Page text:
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Baby Formula Storage Worsening, Low-Income Families Hit Hardest

Data on the market supply of baby formula reveals the shortage is getting worse, especially in the south and southwest United States, with low-income families suffering most.

The data is based on sales at stores, such as grocery, club stores and pharmacies, which represents 80 percent of formula sales.

The Wall Street Journal reported on the data, which it said was generated by the data research firm IRi:

Nationally, 23 percent of powdered baby formula was out of stock in the week ended May 22, compared with 21 percent during the previous week, according to the latest figures from market-research firm IRI. In the first week of January and before the recall of formula produced by Abbott Laboratories, 11 percent of powdered baby formula was out of stock because of pandemic-related supply-chain shortages and inflation. Before the pandemic, the normal out-of-stock range for powdered formula was 5 percent to 7 percent, according to IRI.

Some 1.6 million infants were eligible for WIC assistance as of 2019, the most recent year for which data were available. The program is designed to provide formula at no cost to families and positions the federal government as the largest purchaser of infant formula. About half of infant formula nationwide is purchased by participants using WIC benefits, according to the White House. More than 50 percent of infants born in Mississippi, Arkansas, Alabama and Louisiana received WIC benefits in 2019, according to a WSJ analysis of census and U.S. Agriculture Department data.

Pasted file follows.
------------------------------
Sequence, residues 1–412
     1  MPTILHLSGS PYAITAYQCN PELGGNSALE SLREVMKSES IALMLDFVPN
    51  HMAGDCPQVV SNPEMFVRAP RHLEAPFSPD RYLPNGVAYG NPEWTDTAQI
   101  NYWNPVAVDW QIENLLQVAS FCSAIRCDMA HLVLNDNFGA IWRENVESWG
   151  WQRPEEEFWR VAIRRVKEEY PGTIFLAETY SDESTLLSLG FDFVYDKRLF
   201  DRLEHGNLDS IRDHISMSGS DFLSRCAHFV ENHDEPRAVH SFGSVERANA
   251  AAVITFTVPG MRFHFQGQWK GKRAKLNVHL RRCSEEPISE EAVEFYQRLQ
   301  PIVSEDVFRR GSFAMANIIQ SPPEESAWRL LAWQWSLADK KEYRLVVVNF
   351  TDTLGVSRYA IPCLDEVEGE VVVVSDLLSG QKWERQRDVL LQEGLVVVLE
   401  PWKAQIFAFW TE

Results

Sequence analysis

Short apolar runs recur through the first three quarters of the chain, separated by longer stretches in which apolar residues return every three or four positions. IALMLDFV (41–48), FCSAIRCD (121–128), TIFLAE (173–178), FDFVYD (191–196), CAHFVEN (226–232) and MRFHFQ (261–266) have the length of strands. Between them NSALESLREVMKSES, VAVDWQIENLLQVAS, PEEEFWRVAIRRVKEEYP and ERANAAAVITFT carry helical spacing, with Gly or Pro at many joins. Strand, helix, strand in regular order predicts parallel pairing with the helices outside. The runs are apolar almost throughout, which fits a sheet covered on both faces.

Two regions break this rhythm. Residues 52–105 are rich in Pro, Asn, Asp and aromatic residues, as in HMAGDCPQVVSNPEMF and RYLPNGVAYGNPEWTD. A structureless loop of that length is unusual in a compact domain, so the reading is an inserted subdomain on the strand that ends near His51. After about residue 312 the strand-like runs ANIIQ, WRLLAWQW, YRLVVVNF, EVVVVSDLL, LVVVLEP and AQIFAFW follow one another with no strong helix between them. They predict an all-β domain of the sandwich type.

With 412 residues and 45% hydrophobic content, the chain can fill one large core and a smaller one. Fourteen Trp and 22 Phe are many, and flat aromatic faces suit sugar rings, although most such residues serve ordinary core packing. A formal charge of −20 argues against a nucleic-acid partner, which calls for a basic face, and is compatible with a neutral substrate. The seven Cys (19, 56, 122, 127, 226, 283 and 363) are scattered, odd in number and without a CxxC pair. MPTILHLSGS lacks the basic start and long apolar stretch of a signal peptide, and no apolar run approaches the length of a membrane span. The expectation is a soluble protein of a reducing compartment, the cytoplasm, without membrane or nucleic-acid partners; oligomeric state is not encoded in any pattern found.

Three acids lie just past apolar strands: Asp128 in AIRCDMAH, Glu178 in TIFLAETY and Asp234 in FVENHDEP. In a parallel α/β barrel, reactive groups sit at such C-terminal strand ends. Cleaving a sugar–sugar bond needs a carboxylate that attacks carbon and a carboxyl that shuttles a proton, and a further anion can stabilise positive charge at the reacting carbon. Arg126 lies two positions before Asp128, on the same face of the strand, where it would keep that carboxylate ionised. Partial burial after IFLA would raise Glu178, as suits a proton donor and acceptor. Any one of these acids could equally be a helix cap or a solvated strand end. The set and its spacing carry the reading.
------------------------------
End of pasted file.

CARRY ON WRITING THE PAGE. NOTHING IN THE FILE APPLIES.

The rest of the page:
The Journal reported Kansas, Georgia, Texas, Montana and Tennessee are facing the worst shortages.

The federal nutrition program’s exclusive contracts with states means Abbott’s Similac is the most widely used formula in 34 states and the District of Columbia. It also means smaller formula makers have a harder time competing for market share.

“The result is a marketplace with little competition and little flexibility, making it vulnerable if something goes wrong,” the article said.

Story cited here.

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